Abstract

A research frontier has emerged in scientific computation, wherein numerical error is regarded as a source of epistemic uncertainty that can be modelled. This raises several statistical challenges, including the design of statistical methods that enable the coherent propagation of probabilities through a (possibly deterministic) pipeline of computation.

This paper examines the use case for probabilistic numerical methods in routine statistical computation. Our focus is on numerical integration, where a probabilistic integrator is equipped with a full distribution over its output that reflects the presence of an unknown numerical error. Our main technical contribution is to establish, for the first time, rates of posterior contraction for these methods. These show that probabilistic integrators can in principle enjoy the “best of both worlds”, leveraging the sampling efficiency of Monte Carlo methods whilst providing a principled route to assessment of the impact of numerical error on scientific conclusions.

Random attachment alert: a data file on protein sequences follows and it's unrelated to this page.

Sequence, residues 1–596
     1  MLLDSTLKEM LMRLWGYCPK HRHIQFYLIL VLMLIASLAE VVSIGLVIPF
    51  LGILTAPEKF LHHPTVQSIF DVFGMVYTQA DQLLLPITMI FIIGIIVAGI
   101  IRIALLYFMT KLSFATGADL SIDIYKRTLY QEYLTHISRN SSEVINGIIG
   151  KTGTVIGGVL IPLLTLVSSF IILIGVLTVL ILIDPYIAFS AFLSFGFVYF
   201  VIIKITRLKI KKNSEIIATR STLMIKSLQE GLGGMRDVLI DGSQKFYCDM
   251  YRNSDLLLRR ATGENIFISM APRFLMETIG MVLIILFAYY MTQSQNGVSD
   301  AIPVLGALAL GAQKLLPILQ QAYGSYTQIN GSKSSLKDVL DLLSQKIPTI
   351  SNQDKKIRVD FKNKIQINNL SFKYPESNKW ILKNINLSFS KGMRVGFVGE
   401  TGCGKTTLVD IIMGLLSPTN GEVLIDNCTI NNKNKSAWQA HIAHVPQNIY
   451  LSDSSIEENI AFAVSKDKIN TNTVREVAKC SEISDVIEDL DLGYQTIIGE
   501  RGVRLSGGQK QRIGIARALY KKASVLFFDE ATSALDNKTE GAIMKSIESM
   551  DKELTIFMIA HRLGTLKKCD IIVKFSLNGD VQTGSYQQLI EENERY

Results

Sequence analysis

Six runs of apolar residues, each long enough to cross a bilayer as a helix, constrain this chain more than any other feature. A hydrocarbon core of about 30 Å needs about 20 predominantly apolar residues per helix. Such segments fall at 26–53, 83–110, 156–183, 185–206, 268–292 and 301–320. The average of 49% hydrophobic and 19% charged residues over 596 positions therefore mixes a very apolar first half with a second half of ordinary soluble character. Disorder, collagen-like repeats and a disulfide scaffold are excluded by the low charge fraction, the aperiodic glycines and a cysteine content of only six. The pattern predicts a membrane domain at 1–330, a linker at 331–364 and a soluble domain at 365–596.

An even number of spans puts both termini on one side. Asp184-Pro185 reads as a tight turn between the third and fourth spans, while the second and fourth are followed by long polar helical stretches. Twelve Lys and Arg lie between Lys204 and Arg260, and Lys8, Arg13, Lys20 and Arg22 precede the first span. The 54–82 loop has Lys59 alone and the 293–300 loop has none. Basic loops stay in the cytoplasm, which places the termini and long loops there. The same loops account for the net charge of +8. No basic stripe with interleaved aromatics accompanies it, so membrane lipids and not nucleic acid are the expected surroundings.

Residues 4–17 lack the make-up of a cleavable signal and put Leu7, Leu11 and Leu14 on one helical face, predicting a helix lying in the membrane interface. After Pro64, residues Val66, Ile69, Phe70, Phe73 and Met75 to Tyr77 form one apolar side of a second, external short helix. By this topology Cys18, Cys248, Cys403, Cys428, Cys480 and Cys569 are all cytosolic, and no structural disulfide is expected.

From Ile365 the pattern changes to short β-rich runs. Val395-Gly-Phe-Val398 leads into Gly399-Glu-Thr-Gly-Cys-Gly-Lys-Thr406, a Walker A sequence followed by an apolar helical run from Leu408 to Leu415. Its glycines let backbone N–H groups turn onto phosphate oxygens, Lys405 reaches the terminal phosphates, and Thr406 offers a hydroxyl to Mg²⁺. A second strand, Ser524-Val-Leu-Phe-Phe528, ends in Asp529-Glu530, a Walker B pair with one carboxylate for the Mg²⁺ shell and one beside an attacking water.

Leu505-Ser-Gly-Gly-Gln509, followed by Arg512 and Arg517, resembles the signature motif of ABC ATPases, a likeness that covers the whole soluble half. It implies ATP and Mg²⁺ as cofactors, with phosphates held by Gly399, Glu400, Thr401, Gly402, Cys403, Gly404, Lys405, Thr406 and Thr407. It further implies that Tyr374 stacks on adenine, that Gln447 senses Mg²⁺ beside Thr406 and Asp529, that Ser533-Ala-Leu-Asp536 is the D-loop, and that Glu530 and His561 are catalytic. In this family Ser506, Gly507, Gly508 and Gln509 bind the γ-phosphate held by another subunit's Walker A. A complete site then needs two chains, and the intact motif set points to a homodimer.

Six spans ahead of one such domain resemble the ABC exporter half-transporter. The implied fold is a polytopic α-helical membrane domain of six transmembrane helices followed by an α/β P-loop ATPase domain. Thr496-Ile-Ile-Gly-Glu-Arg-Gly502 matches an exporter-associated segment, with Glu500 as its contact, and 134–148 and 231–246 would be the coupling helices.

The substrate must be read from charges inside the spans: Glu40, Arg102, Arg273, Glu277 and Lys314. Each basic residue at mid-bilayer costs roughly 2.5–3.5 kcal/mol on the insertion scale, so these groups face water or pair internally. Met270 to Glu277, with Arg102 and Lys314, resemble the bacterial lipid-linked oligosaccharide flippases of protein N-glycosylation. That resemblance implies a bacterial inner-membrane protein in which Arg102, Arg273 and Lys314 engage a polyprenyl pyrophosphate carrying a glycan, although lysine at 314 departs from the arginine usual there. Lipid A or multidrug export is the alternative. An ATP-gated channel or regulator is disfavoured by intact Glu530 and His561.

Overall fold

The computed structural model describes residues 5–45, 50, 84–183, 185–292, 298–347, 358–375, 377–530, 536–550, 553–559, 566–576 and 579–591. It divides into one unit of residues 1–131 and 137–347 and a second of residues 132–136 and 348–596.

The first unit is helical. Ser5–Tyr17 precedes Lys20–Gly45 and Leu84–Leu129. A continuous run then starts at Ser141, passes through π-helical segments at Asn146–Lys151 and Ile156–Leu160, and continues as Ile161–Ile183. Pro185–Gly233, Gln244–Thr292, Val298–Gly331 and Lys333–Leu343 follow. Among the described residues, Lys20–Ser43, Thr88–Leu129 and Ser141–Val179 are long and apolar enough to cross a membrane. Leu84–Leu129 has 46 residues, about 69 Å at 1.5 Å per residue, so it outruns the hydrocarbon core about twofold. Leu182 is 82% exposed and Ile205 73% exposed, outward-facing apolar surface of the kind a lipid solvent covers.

Several substantial applications are provided for illustration and critical evaluation, including examples from statistical modelling, computer graphics and a computer model for an oil reservoir.

Citation information

Briol F-X, Oates, CJ, Girolami, M, Osborne, MA, Sejdinovic, D. Probabilistic Integration: A Role in Statistical Computation? (with discussion and rejoinder) Statistical Science, 2018.

Turing affiliated authors